Libby questions the Conservative government’s cuts to OAS and health care

House of Commons


March 27, 2012

Ms. Libby Davies (Vancouver East, NDP):

Mr. Speaker, the Conservatives said nothing to Canadians about their attack on OAS in the last election. In fact, the Prime Minister promised a steady as it goes approach.

Instead, the Conservatives are slashing retirement security for families and downloading billions to provinces. Seniors are going to have work years longer. That is not what the Prime Minister campaigned on.

Why are Conservatives targeting future seniors with their attack on OAS? Why did they not come clean about it with Canadians in the last election?

Ms. Kellie Leitch (Parliamentary Secretary to the Minister of Human Resources and Skills Development and to the Minister of Labour, CPC):

Mr. Speaker, I am not going to speculate on the budget, as I said yesterday. Let us be very clear. We are trying to ensure that OAS is sustainable for the future and that future generations of Canadians have an opportunity to access OAS. Old age security will become unsustainable on its current path. Ignoring this actually puts future generations of Canadians at risk.  We are focused on ensuring we have a retirement income security system that works for Canadians, unlike the NDP.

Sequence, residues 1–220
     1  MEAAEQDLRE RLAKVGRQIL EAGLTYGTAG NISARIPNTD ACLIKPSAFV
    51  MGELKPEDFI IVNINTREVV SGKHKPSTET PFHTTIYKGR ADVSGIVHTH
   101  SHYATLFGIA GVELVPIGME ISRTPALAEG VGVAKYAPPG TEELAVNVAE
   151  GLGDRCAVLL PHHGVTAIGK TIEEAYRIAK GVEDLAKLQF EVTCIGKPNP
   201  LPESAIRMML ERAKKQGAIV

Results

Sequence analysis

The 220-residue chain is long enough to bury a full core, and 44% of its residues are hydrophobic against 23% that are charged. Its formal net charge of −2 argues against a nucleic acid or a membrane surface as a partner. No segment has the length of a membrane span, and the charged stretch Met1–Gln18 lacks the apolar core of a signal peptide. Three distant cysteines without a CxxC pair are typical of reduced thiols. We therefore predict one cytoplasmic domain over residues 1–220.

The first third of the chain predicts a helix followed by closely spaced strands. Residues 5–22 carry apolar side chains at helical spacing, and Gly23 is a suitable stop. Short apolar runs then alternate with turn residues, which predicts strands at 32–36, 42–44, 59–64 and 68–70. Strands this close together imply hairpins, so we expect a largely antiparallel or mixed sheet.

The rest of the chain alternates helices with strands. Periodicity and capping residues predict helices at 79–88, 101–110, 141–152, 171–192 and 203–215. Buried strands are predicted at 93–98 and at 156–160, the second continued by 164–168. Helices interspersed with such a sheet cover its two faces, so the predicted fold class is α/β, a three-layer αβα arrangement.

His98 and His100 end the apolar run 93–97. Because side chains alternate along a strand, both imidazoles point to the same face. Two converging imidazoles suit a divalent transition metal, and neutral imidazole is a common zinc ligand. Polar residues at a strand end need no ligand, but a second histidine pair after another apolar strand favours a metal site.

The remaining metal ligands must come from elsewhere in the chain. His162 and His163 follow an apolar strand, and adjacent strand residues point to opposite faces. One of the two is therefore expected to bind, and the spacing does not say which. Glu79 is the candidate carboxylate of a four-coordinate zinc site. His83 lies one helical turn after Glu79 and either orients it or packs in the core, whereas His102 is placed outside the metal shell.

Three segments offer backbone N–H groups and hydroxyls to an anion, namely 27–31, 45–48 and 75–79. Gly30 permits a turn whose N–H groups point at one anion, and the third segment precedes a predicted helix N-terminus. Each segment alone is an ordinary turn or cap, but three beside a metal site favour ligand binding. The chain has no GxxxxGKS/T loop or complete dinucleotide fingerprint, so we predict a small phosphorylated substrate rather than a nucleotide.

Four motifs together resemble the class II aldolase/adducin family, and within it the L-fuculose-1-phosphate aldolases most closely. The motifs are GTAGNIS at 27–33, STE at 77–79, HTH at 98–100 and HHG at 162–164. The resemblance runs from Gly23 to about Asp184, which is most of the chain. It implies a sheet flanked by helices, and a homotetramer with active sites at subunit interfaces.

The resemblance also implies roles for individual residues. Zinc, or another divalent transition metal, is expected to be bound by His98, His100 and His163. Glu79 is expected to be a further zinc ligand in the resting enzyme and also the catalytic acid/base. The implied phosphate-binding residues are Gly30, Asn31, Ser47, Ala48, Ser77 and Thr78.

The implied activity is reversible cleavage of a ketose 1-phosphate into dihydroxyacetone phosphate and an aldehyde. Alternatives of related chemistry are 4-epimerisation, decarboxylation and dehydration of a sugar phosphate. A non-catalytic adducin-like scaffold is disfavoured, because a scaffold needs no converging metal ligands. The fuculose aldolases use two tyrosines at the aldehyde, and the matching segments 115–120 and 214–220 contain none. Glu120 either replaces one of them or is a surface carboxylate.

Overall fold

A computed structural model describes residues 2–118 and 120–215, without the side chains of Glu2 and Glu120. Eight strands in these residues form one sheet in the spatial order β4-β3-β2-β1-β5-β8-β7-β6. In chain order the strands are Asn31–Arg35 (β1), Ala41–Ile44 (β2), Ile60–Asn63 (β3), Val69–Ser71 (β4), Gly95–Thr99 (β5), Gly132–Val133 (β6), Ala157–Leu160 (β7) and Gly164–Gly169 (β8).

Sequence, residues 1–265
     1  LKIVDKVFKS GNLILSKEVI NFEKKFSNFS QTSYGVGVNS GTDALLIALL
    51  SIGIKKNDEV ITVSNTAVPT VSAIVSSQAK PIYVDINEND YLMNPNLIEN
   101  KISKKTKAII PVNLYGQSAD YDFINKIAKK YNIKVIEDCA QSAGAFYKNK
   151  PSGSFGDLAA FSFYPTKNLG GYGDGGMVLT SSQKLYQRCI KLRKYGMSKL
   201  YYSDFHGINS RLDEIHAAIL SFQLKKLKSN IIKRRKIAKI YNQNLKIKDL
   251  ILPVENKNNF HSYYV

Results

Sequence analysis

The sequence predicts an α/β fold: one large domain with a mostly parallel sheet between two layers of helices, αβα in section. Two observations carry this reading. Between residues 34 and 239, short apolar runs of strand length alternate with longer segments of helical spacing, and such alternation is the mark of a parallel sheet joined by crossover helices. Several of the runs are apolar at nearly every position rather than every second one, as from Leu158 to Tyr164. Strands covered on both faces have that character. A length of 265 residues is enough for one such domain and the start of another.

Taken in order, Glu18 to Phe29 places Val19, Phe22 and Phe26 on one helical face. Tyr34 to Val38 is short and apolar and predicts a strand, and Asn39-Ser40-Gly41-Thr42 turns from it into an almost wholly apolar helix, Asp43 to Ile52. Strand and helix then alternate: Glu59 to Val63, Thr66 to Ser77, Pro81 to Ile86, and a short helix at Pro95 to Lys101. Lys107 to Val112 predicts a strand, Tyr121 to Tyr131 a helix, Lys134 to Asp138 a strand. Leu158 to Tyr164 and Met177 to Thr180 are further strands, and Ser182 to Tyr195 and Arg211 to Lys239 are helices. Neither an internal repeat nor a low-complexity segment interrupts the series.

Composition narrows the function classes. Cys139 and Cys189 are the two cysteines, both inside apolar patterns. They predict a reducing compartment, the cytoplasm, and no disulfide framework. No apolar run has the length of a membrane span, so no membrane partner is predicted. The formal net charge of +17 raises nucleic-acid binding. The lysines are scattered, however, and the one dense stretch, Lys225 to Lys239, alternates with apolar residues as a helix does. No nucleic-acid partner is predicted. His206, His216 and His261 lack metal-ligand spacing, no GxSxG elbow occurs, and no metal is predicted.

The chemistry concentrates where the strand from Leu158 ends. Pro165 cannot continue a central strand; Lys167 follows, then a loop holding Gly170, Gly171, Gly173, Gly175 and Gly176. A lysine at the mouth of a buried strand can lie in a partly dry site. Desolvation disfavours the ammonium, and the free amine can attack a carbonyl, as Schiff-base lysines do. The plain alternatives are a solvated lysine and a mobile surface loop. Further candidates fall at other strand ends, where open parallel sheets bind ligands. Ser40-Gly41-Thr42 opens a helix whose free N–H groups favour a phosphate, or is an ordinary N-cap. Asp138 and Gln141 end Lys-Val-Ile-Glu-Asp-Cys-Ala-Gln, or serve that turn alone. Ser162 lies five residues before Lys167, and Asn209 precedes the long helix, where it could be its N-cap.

Ms. Libby Davies (Vancouver East, NDP):

Mr. Speaker, they never once mentioned this in their campaign. Why not? They have not answered that.

OAS is not their only target. During the last campaign, the Prime Minister said, “We are planning on a six-per-cent ongoing increase for health transfers. We have been very consistent on this”.

However, after the election the Conservatives decided to break this promise and short-change provinces by $31 billion. This will hurt our health care services. Why are they breaking their promise and downloading billions of new costs onto the provinces?

Hon. Leona Aglukkaq (Minister of Health and Minister of the Canadian Northern Economic Development Agency, CPC):

Mr. Speaker, our government is committed to a universal publicly funded health care system. Again, unlike the previous Liberal government, which gutted health care transfers, we have actually increased funding to record levels. We have announced a long-term stable arrangement with the provinces and the territories that will see transfers reach historic levels of $40 billion by the end of the decade.